That question bears repeating: do you suffer from a compulsive eating disorder? If so, you are not alone. You do not have to face your trial unaided. There is treatment available that really does help, and plenty of it.

A "compulsive eating disorder" can cover a wide range, but usually refers to overeating. Binge eating is the most common form. It consists of long sessions of stuffing in as much food — often high in fat and sugars — as possible.

Social embarrassment is the least of the serious problems that result. (Not that it's a negligible issue, either.) Heart disease, Type 2 Diabetes, bone problems, and more are all much more likely. And, despite the high calorie intake, energy is often lower, too — from both depression and nutrient imbalance.

The roots of binge eating and other disorders are complex and varied, as are those people who suffer from them.

There is some evidence for a genetic contribution that ups the odds. But the chief causes are psychological: low self-esteem, irrational attempts to overcome anxiety with food, poor mood management, and more.

There are social factors, too, not surprisingly. Feelings of shame are often encouraged by harsh judgments from parents or peers. Common ideals of appearance are sometimes difficult to attain, leading to frustration and guilt. Emphasis on the value of sports to the near-exclusion of intellectual activities can worsen the pressure.

Apart from obesity, the results are very often depression, high blood pressure, joint pain and more. Suicidal thoughts are more common among those suffering from a compulsive eating disorder.

Fortunately, no one has to try to overcome a compulsive eating all by herself or himself. There is an abundance of treatment options, offering a variety of approaches, schedules, and costs.

There are university research programs that seek volunteers. Sometimes, they even pay the participants. There are community organizations, free clinics, and more available in many cities. There are numerous for-profit clinics that accept insurance or have flexible payment plans. There are many online plans to add a self-help element to the program.

In short, there is always a way to afford treatment for a compulsive eating disorder.

All those options are available in a variety of forms, too. Some offer group counseling, others emphasize one-on-one session. Some cater to those who need a tough-love approach. Others are more humanistic or stress compassion and forgiveness. Some have a fairly analytic approach, delving into the roots of the behavior. Others are more forward looking and concentrate on action.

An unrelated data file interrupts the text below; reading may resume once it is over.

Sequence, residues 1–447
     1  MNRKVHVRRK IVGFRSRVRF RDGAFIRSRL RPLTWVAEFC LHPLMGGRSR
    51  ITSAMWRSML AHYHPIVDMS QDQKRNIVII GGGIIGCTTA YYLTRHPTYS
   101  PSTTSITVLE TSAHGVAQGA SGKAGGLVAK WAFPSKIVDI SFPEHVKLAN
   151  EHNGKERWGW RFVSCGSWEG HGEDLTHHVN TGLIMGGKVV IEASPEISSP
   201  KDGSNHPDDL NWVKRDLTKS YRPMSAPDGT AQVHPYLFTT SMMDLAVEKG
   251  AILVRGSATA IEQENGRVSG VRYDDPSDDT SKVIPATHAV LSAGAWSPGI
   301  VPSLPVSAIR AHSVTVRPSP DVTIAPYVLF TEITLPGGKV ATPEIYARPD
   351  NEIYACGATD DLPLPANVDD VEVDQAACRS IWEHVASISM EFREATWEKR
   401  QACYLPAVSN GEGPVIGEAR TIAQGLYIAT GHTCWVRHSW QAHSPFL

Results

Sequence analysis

In other words, recognizing that one size does not fit all, there is a method for everyone.

The final thing anyone suffering from a compulsive eating disorder should learn is that they are not alone in another sense. There are many others who also suffer from binge eating, bulimia, and other compulsive behaviors.

Often, there are more than you might suspect. Studies of the subject vary, but numbers like 1.5-3% of teen girls in large cities suffering are not uncommon. Out of a population of 1,000,000 that may be as many as 2,000 girls. (Assuming half the population is female and 20% are teens, taking 2% as a midrange of those with an eating disorder.)

If you suspect you have a compulsive eating disorder, don't think you have to suffer. Seek treatment. It's there and it can help you become healthy again.

Author's Bio: 

The above article is based on the book, "Winning Overeating" by Ofira Shaul. Ofira is a Naturopathy doctor .This experiential, self-development leader has devoted her life to finding the best natural way to obtain permanent weight loss while improving the total quality of your life. Her all-natural program does not require you to use any pills, count calories, or starve yourself.
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